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Terrestrial Repeater Rule


#1

The first thing I checked when the new rules came out was the “terrestrial repeater” prohibition.

There’s a ham I regularly talk with when I’m activating. When I talk with him, I’m using VHF simplex. He sometimes sets up his home station as a cross-band repeater and uses his HT to make contacts via his home station while he goes for a walk. When he’s at home, he uses the same home station to make contacts directly.

I view this as remote operation of his primary station. Some might view it as a “terrestrial repeater.” It’s not a repeater in the common sense of the word, but it is terrestrial and it is repeating.

I haven’t needed his contact to qualify the activation, but I’m planning to take some VHF-only operators out for their first activation. If they need his contact in order to qualify the summit, does this mode of operation qualify as a valid chase?
73
Kevin / K4KPK


#2

I noticed that rule and I’m curious about the exception for airborne repeaters. What is the rationale for that?

I like the wording in the Brendan Awards:

"The contact must be made via natural reflectors within the atmospheric mantle of the earth, which for these purposes may be taken as a distance of 1,000 km. Thus man-made reflectors (aircraft, satellites, etc.) as well as EME are excluded."
http://www.irts.ie/cgi/brendan.cgi

That allows ionospheric propagation, meteor scatter, knife-edge diffraction from mountains, etc. It does not allow contacts made after launching your own Echo satellite.

wunder


#3

I’m pretty sure a search of the reflector will turn up reasoning regarding satellites and airborne repeaters, and that the rule is there to prevent activators from qualifying the hill by opening the nearest repeater and then using its power and location to reach and make the required number of contacts.

73, Rick 5Z4/M0LEP


#4

Operating a terrestrial repeater is trivial. Operation through satellites remains in the rules (it always has been in there) because it’s quite hard to do even with the FM bent-pipe units. I’m not sure if anyone has logged any QSOs via satellite yet.


#5

Answering the original question, if you cannot contact third parties then for you it isn’t a repeater, it is an extension of his station. If you can only contact him via that remote operation system then you are OK.

TBH, I have never been entirely comfortable with that rule but was - wait for it - over ruled!

IIRC it is because additional skills are needed, both are a moving target and with satellites you also have to deal with Doppler shift.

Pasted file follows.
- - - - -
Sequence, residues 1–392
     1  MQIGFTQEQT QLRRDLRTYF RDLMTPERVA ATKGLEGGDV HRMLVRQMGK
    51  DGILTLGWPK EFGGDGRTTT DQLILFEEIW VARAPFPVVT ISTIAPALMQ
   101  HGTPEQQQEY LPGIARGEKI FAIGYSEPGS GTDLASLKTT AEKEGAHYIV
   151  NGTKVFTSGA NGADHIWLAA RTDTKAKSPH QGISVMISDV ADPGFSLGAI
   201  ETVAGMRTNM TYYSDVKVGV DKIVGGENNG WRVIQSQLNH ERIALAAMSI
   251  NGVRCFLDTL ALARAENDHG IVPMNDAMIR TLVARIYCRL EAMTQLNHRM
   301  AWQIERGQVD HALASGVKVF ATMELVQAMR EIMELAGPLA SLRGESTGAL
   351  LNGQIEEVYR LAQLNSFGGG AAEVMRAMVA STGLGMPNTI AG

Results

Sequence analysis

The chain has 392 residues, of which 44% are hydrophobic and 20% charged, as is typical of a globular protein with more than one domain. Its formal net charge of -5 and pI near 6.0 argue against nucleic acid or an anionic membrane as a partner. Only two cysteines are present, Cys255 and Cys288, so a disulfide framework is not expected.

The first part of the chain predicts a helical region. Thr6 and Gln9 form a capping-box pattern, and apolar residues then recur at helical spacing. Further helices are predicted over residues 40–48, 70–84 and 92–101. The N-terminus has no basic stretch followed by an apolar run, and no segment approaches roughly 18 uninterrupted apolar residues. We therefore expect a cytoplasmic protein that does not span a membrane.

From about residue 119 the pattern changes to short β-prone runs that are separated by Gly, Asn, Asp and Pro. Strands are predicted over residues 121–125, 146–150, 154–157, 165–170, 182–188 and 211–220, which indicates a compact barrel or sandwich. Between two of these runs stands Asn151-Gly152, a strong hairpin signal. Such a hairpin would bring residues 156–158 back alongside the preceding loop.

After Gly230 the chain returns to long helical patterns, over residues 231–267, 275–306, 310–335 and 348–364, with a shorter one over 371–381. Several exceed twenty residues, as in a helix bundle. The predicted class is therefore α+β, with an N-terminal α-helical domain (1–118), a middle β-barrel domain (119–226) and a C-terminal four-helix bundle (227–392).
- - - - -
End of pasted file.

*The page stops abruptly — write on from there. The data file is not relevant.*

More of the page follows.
Brian


#6

20 years ago I used to do CW and SSB on RS10 (144MHz/28MHz) and RS12(28 MHz/21 MHz). Pity they are not operating anymore, I think they would have pretty straightforward for SOTA.


#7

Being planned in VK at the moment.

73 Ed.


#8

There’s a lot fewer active transponders than I remember.

AO-7 (70cms up 2m down) SSB/CW
FO-29 (2m up 70cms down) SSB/CW
SO-50 (2m up 70cms down) FM
AO-73 (70cms up 2m down) SSB/CW

There used to be lots more FM bent-pipe satellites.

It will be fun to get people into the right places at the same time as the satellite is in the right place.

A live satellite status page is here: http://oscar.dcarr.org


#9

Have made satellite QSOs from /P locations though not SOTA yet. A lot more SSB/FM birds coming soon in the form of Funcube 2 & 3 plus the AMSAT US fleet of FOX satellites due for launch over the next 2-3 years. I will certainly be trying to complete some SOTASAT QSO’s soon.

Glyn


#10

Hi Kevin,
Great question. Remote operation is a most useful facet of AR but …

BTW this topic came up once before wrt using a remote station in EU when living in the USA.

I think its time for a "remote station use in SOTA " rule to be restated and formalized in a clear concise and readily available form. ie in the Rules.

I note that the Rules have just been comprehensively updated and I congratulate the MT on that.

My personal opinion ( worth about 50 AU cents) is that if you are within the boundary of your own home/property it doesn’t matter if you have a long cable, rf or optical link to the rig in the shack, it’s all part of your fixed station.

I suggest that Rule 3.7.10 have an addition:

If a terrestrial station is remotely controlled by other than a short range link then it is classified as a terrestrial repeater and it’s use does not conform with Rule 3.7.10. Short range is defined as not exceeding 100 m.

I know many will disagree and for example say it’s OK to use your home station from the office over the internet but I’ll leave adjudication on that one to your boss and the MT.

73
Ron
VK3AFW


#11

We did it from W6YX at W6/NC-209 already, but our faculty advisor, who did the QSO, hasn’t reported it in the database yet.